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eBook Review: Family Treasures: 15 Lessons, Tips, and Tricks for Discovering your Family History

October 17, 2014

Ewell, Barry J. Family Treasures: 15 Lessons, Tips, and Tricks for Discovering Your Family History. Springville Utah, Cedar Fort, 2012. 437 pages. Formats: Paperback, PDF, Nook/iPad, Kindle/Kindle App on iPad.

Reviewed by Susan Holdaway

eBook Summary

How many of us are making excuses to begin our family history research in earnest? In Family Treasures, author Barry J. Ewell introduces us to experiences that motivated him to become a serious genealogist.  From the introduction to the final chapter, we learn how to begin researching, how to interact with documents and people to gather family information, how to organize and preserve our information, and how to share what we find with our families. He intertwines his expert advice with motivating experiences that show how rewarding and exciting genealogy research can be.  Each chapter is well organized with well marked research steps and tips that allow for easy future reference.

My Thoughts

Family Treasures’ Lesson 1 begins with a logical introduction on how to begin gather information, ask questions, and do more research, which are important skills for any level of genealogist. Some of the research advice Ewell explains might overwhelm beginners on the first read, so take it slowly because he is introducing us to best practices in genealogy research. What I like most about this chapter, is the fresh perspective Ewell’s shares about researching our families.

I’m constantly looking for better ways to organize my family history so Lesson 2 caught my attention immediately. Ewell stresses how critical a good organization system is for genealogy records and research. He explains in details how to set up and maintain Marry Hill’s colored file organization system by explaining the process step by step, which is good if you choose to use that system. A negative of this lesson is that Ewell assumes we will use his referred system. Also, I would have liked to learn more about organizing digital files because so much research now deals with digital documents.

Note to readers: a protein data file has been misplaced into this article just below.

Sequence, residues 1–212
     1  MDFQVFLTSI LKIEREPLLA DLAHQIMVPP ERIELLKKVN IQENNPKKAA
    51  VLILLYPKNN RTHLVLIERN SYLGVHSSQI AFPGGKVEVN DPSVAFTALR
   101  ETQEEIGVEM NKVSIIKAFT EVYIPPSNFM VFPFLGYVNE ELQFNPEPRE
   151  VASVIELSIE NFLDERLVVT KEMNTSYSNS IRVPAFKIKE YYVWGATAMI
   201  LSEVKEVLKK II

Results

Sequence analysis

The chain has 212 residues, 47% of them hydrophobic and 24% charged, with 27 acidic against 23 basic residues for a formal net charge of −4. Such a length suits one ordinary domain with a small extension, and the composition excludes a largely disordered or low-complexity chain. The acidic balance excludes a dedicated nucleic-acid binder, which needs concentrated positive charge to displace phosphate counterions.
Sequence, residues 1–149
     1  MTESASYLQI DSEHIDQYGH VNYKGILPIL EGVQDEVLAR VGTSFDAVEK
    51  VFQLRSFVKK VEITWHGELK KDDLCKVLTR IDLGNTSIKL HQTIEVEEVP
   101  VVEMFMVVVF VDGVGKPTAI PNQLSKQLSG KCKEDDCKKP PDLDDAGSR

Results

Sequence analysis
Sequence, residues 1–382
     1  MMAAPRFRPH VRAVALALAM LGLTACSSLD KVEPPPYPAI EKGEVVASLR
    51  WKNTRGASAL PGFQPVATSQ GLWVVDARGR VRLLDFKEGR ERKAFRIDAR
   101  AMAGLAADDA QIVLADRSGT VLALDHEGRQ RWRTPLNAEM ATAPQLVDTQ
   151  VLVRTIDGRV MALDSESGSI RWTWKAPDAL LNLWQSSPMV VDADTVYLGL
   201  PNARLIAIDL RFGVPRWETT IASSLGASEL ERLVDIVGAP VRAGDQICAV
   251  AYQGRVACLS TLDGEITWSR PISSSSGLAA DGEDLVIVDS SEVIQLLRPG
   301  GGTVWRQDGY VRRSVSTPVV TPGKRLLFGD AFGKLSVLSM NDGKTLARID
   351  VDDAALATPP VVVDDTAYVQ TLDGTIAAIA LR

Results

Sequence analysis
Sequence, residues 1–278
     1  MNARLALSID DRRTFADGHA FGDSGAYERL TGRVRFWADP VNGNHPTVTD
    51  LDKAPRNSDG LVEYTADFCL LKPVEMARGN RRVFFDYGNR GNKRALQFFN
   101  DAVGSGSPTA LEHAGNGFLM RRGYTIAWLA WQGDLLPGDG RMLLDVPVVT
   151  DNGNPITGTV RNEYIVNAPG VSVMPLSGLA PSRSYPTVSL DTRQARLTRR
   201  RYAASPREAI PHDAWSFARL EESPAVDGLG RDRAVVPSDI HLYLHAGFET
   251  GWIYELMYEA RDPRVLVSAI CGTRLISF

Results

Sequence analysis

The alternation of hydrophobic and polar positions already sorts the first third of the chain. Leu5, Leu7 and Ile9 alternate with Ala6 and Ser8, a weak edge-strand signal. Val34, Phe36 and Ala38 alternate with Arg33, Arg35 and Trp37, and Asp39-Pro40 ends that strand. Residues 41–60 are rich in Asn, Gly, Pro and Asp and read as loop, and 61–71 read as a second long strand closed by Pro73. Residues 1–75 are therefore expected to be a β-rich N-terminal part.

Throughout Family Treasures, Ewell breaks down the definition of analysis into working parts to show us how we should approach each document we find.  Through examples, Ewell effectively stresses how finding sources and documenting them correctly is worth our effort. His quick reference guide in Lesson 7 for common genealogy sources is helpful.

Lesson 14, The Oral Interview, was my favorite chapter in Ewell’s book because it was family stories that first captivated me and led me into genealogy research.  I appreciate Ewell’s comprehensive focus on writing family histories. He shows us why writing family history matters and then discusses various approaches to writing family histories and conducting oral interviews. I really liked the different phrases Ewell suggests to help us successfully write a history as well as the clear summaries of different writing methods available to us. Ewell has motivated me to start my personal history now using his step by step guidance and hints.

In Lesson 15, the companion chapter to oral interviews,  Ewell introduces us to the actual writing process with this wisdom: “A story worth writing begins with an outline” (398). And Ewell means it as he spends time explaining why outlines are essential in our writing and how to create our own story outlines. As an experienced writer, I found this chapter to be a great how-to writing guide. From the outline, through multiple drafts, revisions, and editing, Ewell shows us what we should hope to accomplish in each writing phase and he gives us many hints and much encouragement as we begin to write. Additionally, Ewell explains how to enhance our histories with photos and other images. My favorite was his section on how to organize a family history.

My Conclusion

I would definitely recommend Family Treasures to anyone interested in genealogy, but especially new genealogists. With his easy, clear narrative style, I enjoyed reading Ewell’s book. With his well organized approach to family history research, Ewell walks us step by step through the process that helped him become an avid genealogist. He breaks down his processes and hints into easy to follow steps. And I love how Ewell intermingles personal experiences with practical information. His stories have made me excited to do more to research my family history. Finally, Ewell’s concise tips and charts will definitely help me become more focused and productive in my family history work.

Additional Resources

Family Treasures has a companion website with free helpful resources to help you implement the techniques you learn in this book. Resources include quick helps, PDF forms, videos, and podcasts. HINT: These are great resources even if you don’t read the book.

Purchase on in paperback or Kindle formats. PDF coming soon on the companion website above.

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